A few concepts are extensively used in
Mamba and in this documentation as well.
You should start by getting familiar with those as a starting point.
In Unix-like platforms, installing a piece of software consists of placing files in subdirectories of an “installation prefix”:
no file is placed outside of the installation prefix
dependencies must be installed in the same prefix (or standard system prefixes with lower precedence)
Examples on Unix: the root of the filesystem, the
An environment is just another name for a target prefix.
Mamba’s environments are similar to virtual environments as seen in Python’s
virtualenv and similar software, but more powerful since Mamba also manages native dependencies and generalizes the virtual environment concept to many programming languages.
When downloading for the first time the index of packages for resolution of the environment, or the packages themselves, a cache is generated to speed up future operations:
the index has a configurable time-to-live (TTL) during which it will be considered as valid
the packages are preferentially hard-linked to the cache location
This cache is shared by all environments or target prefixes based on the same root prefix. Basically, that cache directory is a subdirectory located at
The root prefix also provide a convenient structure to store environments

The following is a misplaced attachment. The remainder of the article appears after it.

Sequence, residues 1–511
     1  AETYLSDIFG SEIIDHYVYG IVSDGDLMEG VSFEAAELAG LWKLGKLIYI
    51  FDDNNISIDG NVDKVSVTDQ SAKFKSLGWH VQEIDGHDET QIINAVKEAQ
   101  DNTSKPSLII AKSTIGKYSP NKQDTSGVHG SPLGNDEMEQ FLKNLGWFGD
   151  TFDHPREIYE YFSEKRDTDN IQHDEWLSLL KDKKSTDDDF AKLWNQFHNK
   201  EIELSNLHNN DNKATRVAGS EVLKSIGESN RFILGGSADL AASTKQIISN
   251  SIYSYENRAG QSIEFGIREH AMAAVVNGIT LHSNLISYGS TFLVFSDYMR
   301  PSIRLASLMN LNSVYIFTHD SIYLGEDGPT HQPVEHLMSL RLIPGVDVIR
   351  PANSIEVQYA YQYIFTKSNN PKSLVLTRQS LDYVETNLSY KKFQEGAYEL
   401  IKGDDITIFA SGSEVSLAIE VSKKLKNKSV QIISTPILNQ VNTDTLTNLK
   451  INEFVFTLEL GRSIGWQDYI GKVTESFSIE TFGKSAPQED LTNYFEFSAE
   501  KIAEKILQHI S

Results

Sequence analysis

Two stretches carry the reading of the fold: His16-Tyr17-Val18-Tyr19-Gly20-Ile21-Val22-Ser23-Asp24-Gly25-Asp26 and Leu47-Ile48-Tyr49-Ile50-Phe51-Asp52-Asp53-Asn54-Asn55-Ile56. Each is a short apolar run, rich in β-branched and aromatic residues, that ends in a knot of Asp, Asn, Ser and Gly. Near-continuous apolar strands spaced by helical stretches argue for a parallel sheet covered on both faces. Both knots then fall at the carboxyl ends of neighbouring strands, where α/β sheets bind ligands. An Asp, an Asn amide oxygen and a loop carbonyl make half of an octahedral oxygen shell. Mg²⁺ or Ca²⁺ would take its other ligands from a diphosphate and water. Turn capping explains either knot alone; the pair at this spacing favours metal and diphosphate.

$root_prefix/envs/, even if you are free to create an environment elsewhere.
The base environment is the environment located at the root prefix.
condaimplementation that is still heavily used.
mambainstallation alongside a Python installation (since
condarequire Python to run).
conda, being themselves Python packages, are installed in the base environment, making the CLIs available in all activated environments based on this base environment.
create the base environment because it’s already part of the root prefix structure. Directly
install in base instead.
The activation of an environment makes all its contents available to your shell. It mainly adds target prefix subdirectories to your
$PATH environment variable.
activation implementation is platform dependent.
stackor not upon the currently activated env.
system prefix < base < env1 < env2.
The deactivation is the opposite operation of activation, removing from your shell what makes the environment content accessible.